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Feb 26 2024
Artists Disappear To Disturb The Peace: A Review Of THE SEVEN YEAR DISAPPEAR Comments (0)

Cynthia-nixon-boyculture(Image via The New Group)

In Jordan Seavey's The Seven Year Disappear — opening tonight at the Alice Griffin Jewel Box Theatre (480 W. 42nd St., NYC) — Cynthia Nixon is narcissistic performance artist Miriam ... and so much, or so many, more.

Along with playing the fictional artist, who spends her time railing enviously against rival Marina Abramovic and plotting ways to create art that will knock their socks off and last, she plays all of the other characters in her son's life. In this way, sweetly fucked-up Naphtali (Taylor Trensch) winds up in bed with his own mother, forges shaky friendships with his own mother, speaks with fans of his mom who are, again, his own mother.

In this way, the suffocating nature of being born to an undeniable talent with a undeniable ego is perfectly communicated.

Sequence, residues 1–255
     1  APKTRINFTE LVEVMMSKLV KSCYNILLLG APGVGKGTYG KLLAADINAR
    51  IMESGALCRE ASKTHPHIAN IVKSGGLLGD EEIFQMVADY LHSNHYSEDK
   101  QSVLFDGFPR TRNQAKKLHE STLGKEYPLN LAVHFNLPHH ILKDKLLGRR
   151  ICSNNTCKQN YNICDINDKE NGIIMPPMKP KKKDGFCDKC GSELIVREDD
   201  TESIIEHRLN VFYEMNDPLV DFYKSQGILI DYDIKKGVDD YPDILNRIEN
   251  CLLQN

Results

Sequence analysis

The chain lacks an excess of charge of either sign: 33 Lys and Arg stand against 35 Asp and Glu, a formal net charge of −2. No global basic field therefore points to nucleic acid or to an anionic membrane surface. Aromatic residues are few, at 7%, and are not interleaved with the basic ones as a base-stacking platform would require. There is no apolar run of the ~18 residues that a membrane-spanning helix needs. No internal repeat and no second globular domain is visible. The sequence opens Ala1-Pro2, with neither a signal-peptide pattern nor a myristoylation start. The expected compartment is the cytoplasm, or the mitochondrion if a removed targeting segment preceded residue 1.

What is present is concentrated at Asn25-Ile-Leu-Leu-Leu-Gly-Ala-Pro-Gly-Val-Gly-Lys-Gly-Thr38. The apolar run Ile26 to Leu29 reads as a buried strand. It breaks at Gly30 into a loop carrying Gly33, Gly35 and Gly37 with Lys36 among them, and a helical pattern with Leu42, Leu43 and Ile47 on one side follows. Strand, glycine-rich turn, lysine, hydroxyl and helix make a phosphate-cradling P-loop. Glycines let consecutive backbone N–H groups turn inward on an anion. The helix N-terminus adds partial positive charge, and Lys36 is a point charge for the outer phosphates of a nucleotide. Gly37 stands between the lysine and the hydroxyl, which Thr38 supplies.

The plot is driven by Miriam's emotional unavailability, illustrated by her decision to vanish for seven years as part of an artistic statement, and by Naphtali's earnest seeking of approval, affection and a reason to go on living.

The play is darkly funny — a sex scene between Naphtali and an Episcopalian bishop (Nixon, of course) is a hysterical highlight — and wittily staged, making use of a multimedia approach that echoes Miriam's pretentious world. (It mostly works, and looks chic as hell.)

Nixon's performance falls just short of being a tour de force. She is mesmerizing as Miriam and slips with ease into several other characters. I never knew I would live to see Cynthia Nixon get her cock sucked, or discuss the finer points of meth or quiz a blind date as to whether he's a top or a bottom, but all of these scenarios work well.

Still, a couple of the male characters she inhabited felt like Cynthia Nixon in imaginary drag.

Trensch oozes sensitivity, leading to a powerful conclusion to a consistently provocative night of theater that will especially please jaded New Yorkers familiar with the likes of Cindy Sherman and Karen Finley and yes, even Madonna.

The Seven Year Disappear, directed by Scott Elliott, runs through March 31. Get tickets here.